6. I actually have blonde hair, and I am trying this for the first time today. I have read that Red Zinger tea has ingredients that are good for your hair anyways, so I figured I might as well try. It washes out on the first wash anyways, because the tea is not permanent. So, I’m going to be daring and try it out, then if it looks insane I’ll wash it out. Though, I have heard that blondes have done it and it only tinted some strands reddish, but did not dye them. I am hoping to get some pretty subtle results! I will come back and leave a reply when I have the results.

    • Well, I tried it, and there was no change in my hair color at all. It made it feel a little bit dry, and quite straw like. I sprayed a bit more of the tea into my hair, and yet again it did nothing. Oh well! It was worth a try, and I guess I am glad that it did nothing, rather than turning my hair the color of a tomato. ;)

      • Thanks for sharing your results :-) I personally got very bright results, so I guess everyone’s mileage will vary. Good reason to always do a strand test first! ;-)

      • Maybe the herbs just do not react to blonde hair as they do to darker hair?
        Oh well! I love playing around with my hair anyways, so it was fun to do and then wait for the results.
        Also, it could be possible that I did not use enough tea bags, I only used 2 in 2 cups of water. Maybe I will play around with it again sometime, no one drinks the Berry Zinger tea here anyways. ;)

  7. Malitany Miller

    How often do you use the spray? I had red hair when I was a little girl and then it faded to blond and now its kinda coming back. I love red hair and would like mine to be darker. I’m super excited to try this spray.

  8. Lakiesha

    How often do you do this?

  9. Karin

    So my hair is naturally a rather dark red and I’d like to see it a shade or two lighter. What would you recommend, this treatment or the homemade hair lightening spray? I plan on doing my entire head and my hair’s pretty short.

    • I wouldn’t recommend either, because they are only for highlights. If you want to lighten your whole head a full shade or two, you should have it done professionally in a salon! :-)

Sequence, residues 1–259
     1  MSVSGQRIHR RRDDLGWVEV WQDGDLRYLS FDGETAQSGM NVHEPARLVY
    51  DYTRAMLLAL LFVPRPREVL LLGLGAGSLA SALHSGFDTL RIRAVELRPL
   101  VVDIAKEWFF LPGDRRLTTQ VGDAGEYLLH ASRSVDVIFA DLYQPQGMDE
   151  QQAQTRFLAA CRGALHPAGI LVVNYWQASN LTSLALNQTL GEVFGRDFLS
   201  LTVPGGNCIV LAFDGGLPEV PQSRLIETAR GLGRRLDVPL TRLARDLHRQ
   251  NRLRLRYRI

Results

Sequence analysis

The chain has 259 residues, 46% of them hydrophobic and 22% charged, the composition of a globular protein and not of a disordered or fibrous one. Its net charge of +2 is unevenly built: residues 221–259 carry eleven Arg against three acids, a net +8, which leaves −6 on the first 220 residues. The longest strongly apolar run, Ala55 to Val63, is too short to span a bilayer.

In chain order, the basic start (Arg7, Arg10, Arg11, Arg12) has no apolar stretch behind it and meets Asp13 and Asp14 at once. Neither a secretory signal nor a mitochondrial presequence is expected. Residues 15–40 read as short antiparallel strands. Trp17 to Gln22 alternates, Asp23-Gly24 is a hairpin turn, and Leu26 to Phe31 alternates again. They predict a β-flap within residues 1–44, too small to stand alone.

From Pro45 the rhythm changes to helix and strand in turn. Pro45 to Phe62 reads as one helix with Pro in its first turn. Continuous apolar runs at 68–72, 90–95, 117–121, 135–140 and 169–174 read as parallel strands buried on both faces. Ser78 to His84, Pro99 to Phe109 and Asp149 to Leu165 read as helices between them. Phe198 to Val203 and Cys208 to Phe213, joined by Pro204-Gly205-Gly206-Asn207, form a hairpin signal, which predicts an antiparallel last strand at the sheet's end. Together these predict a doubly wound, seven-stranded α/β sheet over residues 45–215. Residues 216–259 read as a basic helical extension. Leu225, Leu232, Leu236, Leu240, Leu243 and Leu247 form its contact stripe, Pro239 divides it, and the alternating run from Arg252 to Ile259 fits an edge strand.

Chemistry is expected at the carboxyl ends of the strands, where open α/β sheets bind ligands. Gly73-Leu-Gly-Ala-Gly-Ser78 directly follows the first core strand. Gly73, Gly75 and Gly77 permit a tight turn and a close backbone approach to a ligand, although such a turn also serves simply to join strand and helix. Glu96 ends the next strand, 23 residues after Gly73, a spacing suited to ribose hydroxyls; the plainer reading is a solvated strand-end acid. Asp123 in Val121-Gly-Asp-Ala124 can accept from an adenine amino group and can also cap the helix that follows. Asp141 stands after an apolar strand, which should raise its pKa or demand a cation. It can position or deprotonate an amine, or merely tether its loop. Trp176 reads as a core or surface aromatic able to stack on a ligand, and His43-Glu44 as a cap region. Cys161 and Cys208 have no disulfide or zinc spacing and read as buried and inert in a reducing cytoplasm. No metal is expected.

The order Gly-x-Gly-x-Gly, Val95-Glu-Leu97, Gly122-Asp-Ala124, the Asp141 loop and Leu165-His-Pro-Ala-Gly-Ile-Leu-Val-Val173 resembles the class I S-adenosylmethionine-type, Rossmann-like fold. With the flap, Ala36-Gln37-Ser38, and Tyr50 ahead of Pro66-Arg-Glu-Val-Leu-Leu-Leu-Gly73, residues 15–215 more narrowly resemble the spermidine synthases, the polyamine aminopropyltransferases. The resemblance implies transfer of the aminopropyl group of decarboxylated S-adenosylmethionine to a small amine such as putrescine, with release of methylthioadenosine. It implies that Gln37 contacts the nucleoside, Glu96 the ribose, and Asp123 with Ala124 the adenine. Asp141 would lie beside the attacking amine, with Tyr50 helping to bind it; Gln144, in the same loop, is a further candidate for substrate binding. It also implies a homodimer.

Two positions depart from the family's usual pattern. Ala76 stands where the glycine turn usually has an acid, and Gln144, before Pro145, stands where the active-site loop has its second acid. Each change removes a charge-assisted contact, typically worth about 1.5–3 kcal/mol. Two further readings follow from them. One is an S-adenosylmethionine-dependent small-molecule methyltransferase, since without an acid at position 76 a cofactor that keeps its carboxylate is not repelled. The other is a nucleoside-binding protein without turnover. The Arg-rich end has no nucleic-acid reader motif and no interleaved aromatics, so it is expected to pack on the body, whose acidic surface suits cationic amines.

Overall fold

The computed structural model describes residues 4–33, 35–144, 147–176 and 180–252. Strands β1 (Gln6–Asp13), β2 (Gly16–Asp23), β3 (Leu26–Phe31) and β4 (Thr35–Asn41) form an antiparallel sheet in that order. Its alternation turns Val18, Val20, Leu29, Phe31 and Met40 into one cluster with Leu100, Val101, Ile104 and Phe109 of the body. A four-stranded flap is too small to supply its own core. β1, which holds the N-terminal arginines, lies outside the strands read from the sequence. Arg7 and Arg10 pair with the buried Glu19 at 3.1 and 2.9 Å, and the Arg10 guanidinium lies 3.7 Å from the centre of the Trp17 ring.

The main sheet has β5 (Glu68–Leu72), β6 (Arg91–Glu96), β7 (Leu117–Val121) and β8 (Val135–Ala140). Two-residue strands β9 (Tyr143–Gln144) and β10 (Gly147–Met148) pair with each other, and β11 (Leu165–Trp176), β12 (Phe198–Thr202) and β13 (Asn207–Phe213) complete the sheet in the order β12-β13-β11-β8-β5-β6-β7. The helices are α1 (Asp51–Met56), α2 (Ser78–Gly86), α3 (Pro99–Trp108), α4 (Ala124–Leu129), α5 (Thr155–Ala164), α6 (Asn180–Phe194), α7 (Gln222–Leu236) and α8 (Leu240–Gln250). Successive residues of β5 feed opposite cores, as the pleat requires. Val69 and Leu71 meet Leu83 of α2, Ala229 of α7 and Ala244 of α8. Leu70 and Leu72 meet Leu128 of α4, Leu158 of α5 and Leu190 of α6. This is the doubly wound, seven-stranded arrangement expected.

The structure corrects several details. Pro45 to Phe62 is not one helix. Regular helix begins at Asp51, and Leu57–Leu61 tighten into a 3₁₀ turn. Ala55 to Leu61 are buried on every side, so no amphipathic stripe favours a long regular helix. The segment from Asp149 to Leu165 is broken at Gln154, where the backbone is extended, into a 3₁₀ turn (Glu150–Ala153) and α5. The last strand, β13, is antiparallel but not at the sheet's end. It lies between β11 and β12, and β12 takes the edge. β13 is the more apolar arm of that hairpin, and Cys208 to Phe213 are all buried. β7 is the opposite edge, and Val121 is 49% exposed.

10. Pingback: Keep Dyed Red Hair Colorful with Natural, Non-Toxic Treatments - EcoSalon | Conscious Culture and Fashion : EcoSalon | Conscious Culture and Fashion

  11. Jennifer

    Hey, a local fruit/veggie store that has a lot of all natural & organic stuff has this Hibiscus vinegar, do you think that would be okay or would the tea most likely work better? thanks

    • Well, since vinegar is more acidic than tea, I would imagine it would not penetrate the hair well enough to notice a color difference. It would probably make your hair very shiny, though, if you used it as a rinse! (That goes for any vinegar, really)

  12. I have natural brown hair, and i just had red highlights.. but they don’t look as red as i want them to be. Do you think this will enhance it ? :)

  13. Emily

    I have naturally black hair, do you think this will make a red tint or not show up at all. All I want is a natural way of making my hair seem redish in the sun.

  14. Awesome post. Yes, hibiscus petals or powder of its leaves can help your hair in conditioning and coloring. This is really a good idea. You can use the cocoa/coffee liquids to spray your hair. Spraying hair can reach to all over the scalp and hair. Rinse your hair for 15 to 20 min and wash out your hair with shampoo. This can helps you in reversing grey hair.

  15. Rainbow Joy Ride

    Do you have to comb through? I usually brush my hair in the shower because it is unruly <3 How much of a difference does it make?

  16. I have a naturally light brown-ish color hair, but with lots of red tones. I’d like a slightly lighter (and redder) color… But I’m afraid the hibiscus will turn it BRIGHT red, instead of the natural strawberry-brown/blonde I’m shooting for. Do you have any advice? Could I possibly use chamomile to lighten my hair alongside the hibiscus?

    • Hibiscus won’t turn your hair bright red. If anything, it will give it more red tones in the light. But if you go lighter and then put red on top of light strands, the red WILL show up brighter. If you want the red to be more subtle, keep it on your darker strands.

  17. Allie

    I suppose that if you did this regularly on blonde hair you might end up with a strawberry blonde color, right? Also, does the paprika have a any specific purpose? Does it actually make any type of difference if you decide to add it to the mix? Just curious.

  18. Jean

    I was born with super red hair, but as I got older it has turned into a very light strawberry blonde. I love red hair or strawberry blonde hair, and I would love for my hair to go back to the way it was. My parents would never let me use chemical dyes on my hair but I would like to add more red to my hair in a way that is not sudden. If I use this often over time, would it make my hair more strawberry blonde?

  19. Pingback: A Year of Natural Health & Beauty Tip #3: Make Your Own Hair Lightening Spray | andrea drugay

  20. Pingback: Natural Beauty Tips Of The Ancients | Beauty Eats

  21. Cindy

    Is this permanent? Or does it wash out the first time you shampoo like someone said earlier???

  22. Ket

    Would this work with any red tea or just hibiscus?